He has the ability to perform gross or fine manipulative movements of the arms, hands, and fingers. He has unimpaired ability to coordinate. There is no evidence of significant loss of strength or evidence of the presence of severe pain.
There was no testimony concerning other employment available to a person with these abilities and disabilities. The ALJ concluded, however, that "(t)he claimant could, if motivated to do so, work as a custodian or janitor in any public or private building or similar type of work activity not requiring strenuous physical labor" and then took "official notice that such jobs exist in substantial numbers not only in the national economy but in the immediate area of Jackson, Mississippi, where the claimant resides."
The Secretary's findings are conclusive if supported by substantial evidence, taking the record as a whole. Richardson v. Perales, 1971, 402 U.S. 389, 91 S.Ct. 1420, 28 L.Ed.2d 842; Rome v. Finch, 5 Cir. 1969, 409 F.2d 1329.
The Act does provide for a limited measure of judicial review, § 205(g), 42 U.S.C. § 405(g), but the role of the courts in this quintessentially administrative process is extremely narrow:
We do not re-weigh the evidence; we simply determine whether there is "such relevant evidence as a reasonable mind might accept as adequate to support a conclusion." Richardson v. Perales, 1970, 402 U.S. 389, 401, 91 S.Ct. 1420, 1427, 28 L.Ed.2d 842 . . . (D)eterminations which are not supported by substantial evidence are unusual, even rare. Gaultney v. Weinberger, 5 Cir. 1974, 505 F.2d 943, 945.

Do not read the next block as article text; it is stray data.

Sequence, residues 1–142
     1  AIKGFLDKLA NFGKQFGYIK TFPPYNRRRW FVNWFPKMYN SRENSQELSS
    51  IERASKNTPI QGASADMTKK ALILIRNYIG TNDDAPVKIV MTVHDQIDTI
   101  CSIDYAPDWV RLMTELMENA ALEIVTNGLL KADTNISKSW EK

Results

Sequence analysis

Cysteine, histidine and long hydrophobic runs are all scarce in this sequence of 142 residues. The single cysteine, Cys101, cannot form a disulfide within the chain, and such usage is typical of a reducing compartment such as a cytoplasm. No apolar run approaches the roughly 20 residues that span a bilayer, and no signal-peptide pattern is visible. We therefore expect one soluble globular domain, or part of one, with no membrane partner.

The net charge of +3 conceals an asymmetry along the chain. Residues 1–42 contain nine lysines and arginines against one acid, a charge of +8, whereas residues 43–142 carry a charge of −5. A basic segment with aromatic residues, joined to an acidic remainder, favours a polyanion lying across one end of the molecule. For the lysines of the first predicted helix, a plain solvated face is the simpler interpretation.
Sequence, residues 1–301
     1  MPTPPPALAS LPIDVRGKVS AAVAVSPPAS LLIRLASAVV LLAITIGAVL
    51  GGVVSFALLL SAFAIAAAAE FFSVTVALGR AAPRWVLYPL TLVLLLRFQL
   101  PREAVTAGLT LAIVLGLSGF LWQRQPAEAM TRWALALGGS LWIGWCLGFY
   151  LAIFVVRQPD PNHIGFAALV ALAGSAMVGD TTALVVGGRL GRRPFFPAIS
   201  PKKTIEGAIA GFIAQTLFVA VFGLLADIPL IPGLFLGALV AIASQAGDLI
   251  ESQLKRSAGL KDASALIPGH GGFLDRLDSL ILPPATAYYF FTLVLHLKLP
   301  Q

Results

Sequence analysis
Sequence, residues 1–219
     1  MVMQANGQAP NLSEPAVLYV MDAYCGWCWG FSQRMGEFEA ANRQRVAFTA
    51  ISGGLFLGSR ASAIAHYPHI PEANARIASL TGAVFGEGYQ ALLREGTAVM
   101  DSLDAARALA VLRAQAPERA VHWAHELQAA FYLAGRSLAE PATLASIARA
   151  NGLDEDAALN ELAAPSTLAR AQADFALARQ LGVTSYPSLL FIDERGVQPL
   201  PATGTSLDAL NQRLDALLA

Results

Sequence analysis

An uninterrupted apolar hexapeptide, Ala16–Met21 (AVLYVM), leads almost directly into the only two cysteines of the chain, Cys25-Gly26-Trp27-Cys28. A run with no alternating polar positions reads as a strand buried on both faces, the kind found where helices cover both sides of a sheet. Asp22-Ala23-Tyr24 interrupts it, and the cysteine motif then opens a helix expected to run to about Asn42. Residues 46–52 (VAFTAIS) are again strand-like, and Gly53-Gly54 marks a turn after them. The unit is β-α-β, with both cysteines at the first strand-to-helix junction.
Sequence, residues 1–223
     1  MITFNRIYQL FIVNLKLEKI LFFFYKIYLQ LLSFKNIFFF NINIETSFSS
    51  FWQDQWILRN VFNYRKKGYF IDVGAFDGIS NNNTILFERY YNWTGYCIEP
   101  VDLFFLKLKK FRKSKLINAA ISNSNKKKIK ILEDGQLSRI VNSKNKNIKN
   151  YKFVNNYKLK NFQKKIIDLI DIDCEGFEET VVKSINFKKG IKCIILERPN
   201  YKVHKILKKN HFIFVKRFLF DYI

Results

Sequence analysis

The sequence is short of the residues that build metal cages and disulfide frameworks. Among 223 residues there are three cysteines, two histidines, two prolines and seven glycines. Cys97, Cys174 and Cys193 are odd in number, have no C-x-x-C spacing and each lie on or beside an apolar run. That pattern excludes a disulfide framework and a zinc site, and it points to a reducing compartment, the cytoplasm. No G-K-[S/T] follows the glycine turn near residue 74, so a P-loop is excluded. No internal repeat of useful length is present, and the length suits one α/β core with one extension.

Lewis v. Weinberger, 5 Cir. 1975, 515 F.2d 584, 586-587.
The burden rests on the claimant to produce substantial evidence to establish his disability. 42 U.S.C. § 423(d)(5). If the claimant proves that he is unable to do his usual job, the burden shifts to the Secretary to show that there is some other kind of "substantial gainful activity" that the claimant is able to perform. The Secretary satisfied this burden with the medical evidence adduced as a result of the post hearing examination.
This is not, then, the kind of case that was before us in Lewis v. Weinberger, supra, for there, after reviewing the record, we concluded that,
"(t)he evidence as to whether . . . (the claimant's) impairments are so disabling as to deprive him of his capacity to engage in even physically light or secondary employment is equivocal and contradictory and does not rise to the level of substantial evidence."
515 F.2d at 587. That also was the kind of evidence in the record in Jackson v. Richardson, 5 Cir. 1971, 449 F.2d 1326, 1330.
The ALJ did take notice that certain jobs require little physical effort, are sedentary in nature and exist in the national economy. If the facts noticed were controverted, then Mr. White should have asserted this, and should have been given an opportunity to prove that the facts were indeed different. Compare Rule 201, Fed.R.Evid., (relating to judicial notice). The claimant here, however, concedes that the notice taken was not improper.1 The claimant is incorrect in asserting that the ALJ took notice of the claimant's capacity to do those light and sedentary jobs. Of this fact there was medical evidence. It was not necessary in the light of the abundant evidence about Mr. White's physical condition to call a vocational expert to put two and two together. See K. Davis, Administrative Law Treatise § 15.11 (1978 Supp.), in which the author states: